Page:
On the oilseed side, Mr. Warkentin, as I expressed earlier, often in these trade agreements you have duty-free access on seed, but then you have what's called tariff escalation, where the products are tariffed at a higher level, which reduces our value-added opportunity. Canada now has 14 major-size oilseed plants, and they've come about, I think, as a result of free trade with the United States, where companies could predictably invest. There must have been $1.5 billion in new oilseed processing plants in the last 10 years. We've doubled our capacity over that period of time. That allows access to the lucrative U.S. market, but it also allows...if you reduce those higher tariffs on products in countries like Japan, where we have a very strong market already, us an opportunity to turn seed exports into oil exports at a higher value-added than in the Canadian marketplace.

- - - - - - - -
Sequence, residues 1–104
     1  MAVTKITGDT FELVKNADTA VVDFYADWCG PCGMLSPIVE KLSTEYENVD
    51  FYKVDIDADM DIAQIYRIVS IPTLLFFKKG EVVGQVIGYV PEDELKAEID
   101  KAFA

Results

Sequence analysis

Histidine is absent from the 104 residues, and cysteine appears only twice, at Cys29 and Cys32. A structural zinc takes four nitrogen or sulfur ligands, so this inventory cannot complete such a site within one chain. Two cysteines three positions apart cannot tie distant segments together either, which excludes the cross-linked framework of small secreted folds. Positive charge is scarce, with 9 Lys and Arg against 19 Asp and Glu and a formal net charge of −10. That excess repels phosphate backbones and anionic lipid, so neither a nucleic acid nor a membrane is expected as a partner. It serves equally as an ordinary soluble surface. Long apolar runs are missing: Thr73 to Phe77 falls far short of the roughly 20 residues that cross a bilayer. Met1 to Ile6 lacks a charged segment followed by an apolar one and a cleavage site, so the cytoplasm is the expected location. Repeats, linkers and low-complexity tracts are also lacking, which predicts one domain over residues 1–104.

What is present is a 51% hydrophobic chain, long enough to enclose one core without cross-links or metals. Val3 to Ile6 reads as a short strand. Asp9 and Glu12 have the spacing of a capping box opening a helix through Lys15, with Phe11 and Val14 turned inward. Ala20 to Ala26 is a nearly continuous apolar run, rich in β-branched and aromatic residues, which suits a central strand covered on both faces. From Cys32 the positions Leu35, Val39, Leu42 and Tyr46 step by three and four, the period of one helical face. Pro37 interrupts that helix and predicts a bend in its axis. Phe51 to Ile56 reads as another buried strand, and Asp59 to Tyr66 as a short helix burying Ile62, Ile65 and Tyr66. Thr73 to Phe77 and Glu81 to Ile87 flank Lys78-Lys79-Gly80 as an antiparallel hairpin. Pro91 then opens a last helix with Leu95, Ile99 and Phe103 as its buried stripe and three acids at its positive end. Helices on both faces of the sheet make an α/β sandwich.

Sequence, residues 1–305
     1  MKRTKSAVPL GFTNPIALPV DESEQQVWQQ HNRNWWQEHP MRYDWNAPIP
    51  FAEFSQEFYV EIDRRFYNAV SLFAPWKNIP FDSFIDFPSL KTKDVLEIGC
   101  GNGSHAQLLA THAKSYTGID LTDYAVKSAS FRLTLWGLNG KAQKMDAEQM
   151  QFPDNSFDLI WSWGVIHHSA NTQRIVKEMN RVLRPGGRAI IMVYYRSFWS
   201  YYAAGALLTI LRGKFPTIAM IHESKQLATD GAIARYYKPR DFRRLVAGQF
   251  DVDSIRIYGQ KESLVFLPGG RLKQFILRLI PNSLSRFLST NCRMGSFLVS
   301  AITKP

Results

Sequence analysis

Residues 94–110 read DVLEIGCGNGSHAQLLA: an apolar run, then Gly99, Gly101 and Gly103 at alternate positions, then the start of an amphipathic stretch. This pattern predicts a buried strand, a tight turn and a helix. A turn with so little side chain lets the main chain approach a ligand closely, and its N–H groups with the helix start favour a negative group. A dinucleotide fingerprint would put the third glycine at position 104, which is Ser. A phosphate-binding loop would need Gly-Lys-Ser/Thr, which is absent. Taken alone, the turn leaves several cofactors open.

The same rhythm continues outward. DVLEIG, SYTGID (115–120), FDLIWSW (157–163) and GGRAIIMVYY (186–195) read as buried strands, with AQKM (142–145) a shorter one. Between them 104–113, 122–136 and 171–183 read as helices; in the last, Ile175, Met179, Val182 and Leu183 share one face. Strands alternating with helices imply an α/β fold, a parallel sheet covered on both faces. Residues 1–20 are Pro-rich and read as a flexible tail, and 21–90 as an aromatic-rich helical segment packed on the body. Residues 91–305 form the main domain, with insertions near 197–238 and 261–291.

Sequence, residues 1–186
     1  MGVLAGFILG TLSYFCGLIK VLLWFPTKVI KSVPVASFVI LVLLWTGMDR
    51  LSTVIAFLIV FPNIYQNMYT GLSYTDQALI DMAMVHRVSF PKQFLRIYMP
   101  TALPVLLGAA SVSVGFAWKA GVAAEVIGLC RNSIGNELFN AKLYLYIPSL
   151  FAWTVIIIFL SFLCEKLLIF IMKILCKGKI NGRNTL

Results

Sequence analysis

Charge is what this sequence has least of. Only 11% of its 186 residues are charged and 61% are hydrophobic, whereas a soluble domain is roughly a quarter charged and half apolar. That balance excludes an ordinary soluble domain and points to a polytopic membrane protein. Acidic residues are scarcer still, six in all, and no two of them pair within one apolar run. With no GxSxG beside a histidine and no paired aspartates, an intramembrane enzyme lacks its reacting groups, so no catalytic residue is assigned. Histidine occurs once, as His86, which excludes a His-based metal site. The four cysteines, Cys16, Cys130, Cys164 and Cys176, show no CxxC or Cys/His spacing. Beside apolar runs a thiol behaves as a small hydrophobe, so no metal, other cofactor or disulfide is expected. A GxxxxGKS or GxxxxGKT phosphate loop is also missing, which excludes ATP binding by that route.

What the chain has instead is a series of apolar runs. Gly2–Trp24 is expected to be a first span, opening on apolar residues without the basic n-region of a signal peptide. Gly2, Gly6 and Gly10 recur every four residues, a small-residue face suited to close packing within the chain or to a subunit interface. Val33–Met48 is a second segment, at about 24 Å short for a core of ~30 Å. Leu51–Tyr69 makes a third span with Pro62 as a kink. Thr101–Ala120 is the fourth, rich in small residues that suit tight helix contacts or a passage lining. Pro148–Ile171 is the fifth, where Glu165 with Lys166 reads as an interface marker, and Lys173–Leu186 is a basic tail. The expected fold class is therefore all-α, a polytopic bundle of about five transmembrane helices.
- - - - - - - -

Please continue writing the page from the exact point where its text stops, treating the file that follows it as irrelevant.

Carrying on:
On April 18th, 2016. See this statement in context.